RUGBY UNION Carling can 'carry on after World Cup'

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Will Carling can carry on as the England captain after the World Cup according to Bill Bishop, who takes over as president of the Rugby Football Union in July.

Carling was stripped of the captaincy at the weekend because of his injudicious televised comments about the RFU. He was reappointed on Monday, but only for the duration of the World Cup. The captaincy, as Dennis Easby, the current office-holder, explained during the furore, is a matter for the president, on the recommendation of the England management.

Yesterday Bishop said: "I would totally support Will as captain when I am president, if he is willing to carry on after the World Cup. I count him as a friend. I have always supported him.

"I am relieved that it has all been settled. It has been an awful 48 hours or so and yesterday was very unpleasant." Bishop, 65, is anxious to put the whole Carling affair into the background, and he appealed to RFU members not to call for an emergency meeting at which no doubt the members would call for the resignation at least of Easby. Easby yesterday reiterated his keenness to see out his year in office.

"I would have thought an EGM would be counter- productive now," Bishop said. "If they want to be punitive about the rest of us, well that's a different issue, but I feel that there is little more that can be done now, other than to try to go forward."

However, the early signs are that Bishop faces a difficult task in smoothing the troubled waters. Peter Wheeler, the former England international and president-elect of the league champions, Leicester, yesterday called for a vote of no confidence in the president and officers of the RFU.

Writing in the London Evening Standard, he said: "When you play for England, you don't play for the RFU committee. You are playing for every club and player in England, and the committee are supposed to be representing those hundreds and thousands of people in making their decisions. Will Carling is not that particular committee's personal property. . . What has happened in the last 72 hours cannot be allowed to quietly die away."

Bishop also held out the prospect of the players making more money from the game than they have so far. "We have plans in mind, which may be announced before the squad go to South Africa next week, that will be to their benefit," he said.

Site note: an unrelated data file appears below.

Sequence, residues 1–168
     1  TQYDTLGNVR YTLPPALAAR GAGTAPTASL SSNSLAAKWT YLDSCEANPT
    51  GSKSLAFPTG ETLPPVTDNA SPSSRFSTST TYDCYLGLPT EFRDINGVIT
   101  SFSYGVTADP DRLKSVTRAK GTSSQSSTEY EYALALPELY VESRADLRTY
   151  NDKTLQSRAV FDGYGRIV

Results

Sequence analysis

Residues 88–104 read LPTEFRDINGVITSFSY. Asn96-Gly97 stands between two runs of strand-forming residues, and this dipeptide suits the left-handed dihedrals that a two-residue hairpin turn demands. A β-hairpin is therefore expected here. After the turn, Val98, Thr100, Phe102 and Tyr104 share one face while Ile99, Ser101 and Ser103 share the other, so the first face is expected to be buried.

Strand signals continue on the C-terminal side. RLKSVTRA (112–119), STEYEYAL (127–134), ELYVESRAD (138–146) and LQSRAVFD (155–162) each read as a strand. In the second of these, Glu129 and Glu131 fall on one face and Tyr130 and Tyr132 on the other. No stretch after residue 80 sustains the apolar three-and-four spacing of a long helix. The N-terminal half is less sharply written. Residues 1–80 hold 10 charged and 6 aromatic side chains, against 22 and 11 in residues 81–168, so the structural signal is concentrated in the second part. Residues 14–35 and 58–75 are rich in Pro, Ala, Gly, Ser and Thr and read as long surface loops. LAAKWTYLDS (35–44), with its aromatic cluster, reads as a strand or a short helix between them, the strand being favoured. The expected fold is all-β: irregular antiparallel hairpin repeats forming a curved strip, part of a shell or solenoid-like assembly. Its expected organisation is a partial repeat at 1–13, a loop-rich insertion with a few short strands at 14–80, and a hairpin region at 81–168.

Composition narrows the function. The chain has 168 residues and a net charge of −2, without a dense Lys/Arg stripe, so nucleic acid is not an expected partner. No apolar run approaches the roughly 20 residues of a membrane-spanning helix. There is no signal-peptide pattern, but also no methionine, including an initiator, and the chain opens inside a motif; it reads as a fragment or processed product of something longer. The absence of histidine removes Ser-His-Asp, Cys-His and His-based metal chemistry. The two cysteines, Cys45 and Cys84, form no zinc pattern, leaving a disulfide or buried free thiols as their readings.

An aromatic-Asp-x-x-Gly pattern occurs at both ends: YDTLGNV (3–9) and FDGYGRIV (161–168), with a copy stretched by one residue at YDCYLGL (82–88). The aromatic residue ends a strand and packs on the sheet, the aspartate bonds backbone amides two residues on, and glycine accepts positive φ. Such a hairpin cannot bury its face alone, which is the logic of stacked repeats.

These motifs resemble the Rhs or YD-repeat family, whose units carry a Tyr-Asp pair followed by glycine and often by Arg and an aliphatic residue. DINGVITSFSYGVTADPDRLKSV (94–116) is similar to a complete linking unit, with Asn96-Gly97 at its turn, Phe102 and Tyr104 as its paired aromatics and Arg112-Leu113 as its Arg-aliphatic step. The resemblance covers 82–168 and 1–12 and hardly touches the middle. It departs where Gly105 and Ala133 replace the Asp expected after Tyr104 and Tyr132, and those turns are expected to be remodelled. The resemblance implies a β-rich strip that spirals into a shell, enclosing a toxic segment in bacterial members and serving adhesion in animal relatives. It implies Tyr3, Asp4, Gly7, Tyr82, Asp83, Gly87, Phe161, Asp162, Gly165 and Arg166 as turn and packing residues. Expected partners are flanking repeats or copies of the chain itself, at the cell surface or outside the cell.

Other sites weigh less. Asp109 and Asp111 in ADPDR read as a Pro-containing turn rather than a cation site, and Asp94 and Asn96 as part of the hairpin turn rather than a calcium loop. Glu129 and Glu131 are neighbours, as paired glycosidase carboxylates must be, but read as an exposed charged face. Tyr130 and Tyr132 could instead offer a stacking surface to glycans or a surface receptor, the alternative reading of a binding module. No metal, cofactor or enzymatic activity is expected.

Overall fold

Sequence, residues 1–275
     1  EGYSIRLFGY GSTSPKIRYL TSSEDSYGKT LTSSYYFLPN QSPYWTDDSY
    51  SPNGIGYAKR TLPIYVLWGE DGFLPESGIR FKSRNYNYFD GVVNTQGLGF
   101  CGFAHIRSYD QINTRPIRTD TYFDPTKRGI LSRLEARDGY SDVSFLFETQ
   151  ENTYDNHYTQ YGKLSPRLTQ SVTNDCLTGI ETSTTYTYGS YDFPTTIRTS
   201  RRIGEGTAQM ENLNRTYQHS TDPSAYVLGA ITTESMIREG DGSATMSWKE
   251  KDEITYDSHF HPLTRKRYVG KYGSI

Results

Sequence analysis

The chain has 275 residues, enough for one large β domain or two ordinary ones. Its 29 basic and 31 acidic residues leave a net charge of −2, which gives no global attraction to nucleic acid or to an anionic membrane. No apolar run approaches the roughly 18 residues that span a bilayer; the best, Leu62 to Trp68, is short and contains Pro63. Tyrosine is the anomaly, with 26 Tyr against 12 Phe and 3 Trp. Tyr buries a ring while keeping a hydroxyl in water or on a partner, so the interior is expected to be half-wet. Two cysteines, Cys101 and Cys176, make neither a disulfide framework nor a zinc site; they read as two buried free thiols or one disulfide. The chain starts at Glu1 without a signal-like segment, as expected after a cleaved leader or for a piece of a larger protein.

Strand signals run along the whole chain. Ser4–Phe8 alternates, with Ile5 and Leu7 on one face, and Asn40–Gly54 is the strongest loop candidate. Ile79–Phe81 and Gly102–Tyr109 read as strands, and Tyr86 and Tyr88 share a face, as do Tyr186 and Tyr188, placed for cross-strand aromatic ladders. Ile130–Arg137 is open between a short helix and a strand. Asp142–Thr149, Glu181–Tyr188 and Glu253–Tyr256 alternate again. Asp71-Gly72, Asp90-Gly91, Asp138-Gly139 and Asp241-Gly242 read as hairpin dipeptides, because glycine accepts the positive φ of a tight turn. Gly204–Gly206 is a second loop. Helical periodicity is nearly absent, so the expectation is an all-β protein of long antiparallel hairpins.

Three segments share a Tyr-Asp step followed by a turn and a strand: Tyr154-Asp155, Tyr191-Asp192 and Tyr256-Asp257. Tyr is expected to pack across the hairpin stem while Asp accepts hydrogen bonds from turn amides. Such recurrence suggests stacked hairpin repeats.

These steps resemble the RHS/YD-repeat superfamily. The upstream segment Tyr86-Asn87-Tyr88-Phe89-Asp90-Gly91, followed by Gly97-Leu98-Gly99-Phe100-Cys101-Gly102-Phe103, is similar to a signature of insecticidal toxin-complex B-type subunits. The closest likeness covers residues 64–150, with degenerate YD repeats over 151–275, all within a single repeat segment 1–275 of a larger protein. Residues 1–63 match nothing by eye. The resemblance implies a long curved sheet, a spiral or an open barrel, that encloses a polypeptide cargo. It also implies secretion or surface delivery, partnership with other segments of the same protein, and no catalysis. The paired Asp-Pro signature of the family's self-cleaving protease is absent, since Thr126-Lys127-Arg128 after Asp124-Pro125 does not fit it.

This season's squad are already expected to make £10,000 each, going up to £15,000 next season, according to RFU figures. One sponsor has already guaranteed the squad £5,000 apiece for the World Cup campaign, and there will be further money from sponsors and broadcasters, which means that any player in the squad from September 1994 through to March 1996 is guaranteed £30,000.

Bishop did admit that the speed of events over the weekend rather caught him out. "I thought we were in an ongoing discussion actually," he explained. "I thought we might have seen Jack Rowell and Will Carling, but it all happened at a rate of knots.

"It was discussed on Friday evening, but there wasn't any formal vote or anything. The president did seek the views of the officers at the meeting, but it went apace. Everything happened quicker than I anticipated.

"My main aim as incoming president is to build a few bridges and to try to put this matter behind us. I feel that we must get together with the players and form a united front. I think the players have felt that we have let them down. The southern hemisphere have probably been closer to their players than we have been to ours."

Bishop will be able to count on backing for his progressive outlook from the former England captain, Bill Beaumont, who joins the committee in July.

Speaking on Radio Five Live yesterday, Beaumont said: "The demands on the modern player and also the popularity of the modern game have perhaps left the rest of officialdom behind. I think the important thing is that the players and the committee have to get a lot closer so they both understand the respective problems."

n Billy Blythe, the Murrayfield prop, has been banned until 2000 by the Scottish Rugby Union following an off-the-ball incident in a match against Leith Academicals. The incident was not seen by the referee, and the SRU took the unprecedented step of taking evidence from spectators. Murrayfield were meeting last night to consider an appeal.

n Christophe Deylaud, the French stand-off, is out of the World Cup after fracturing his thumb during the French championship on Saturday.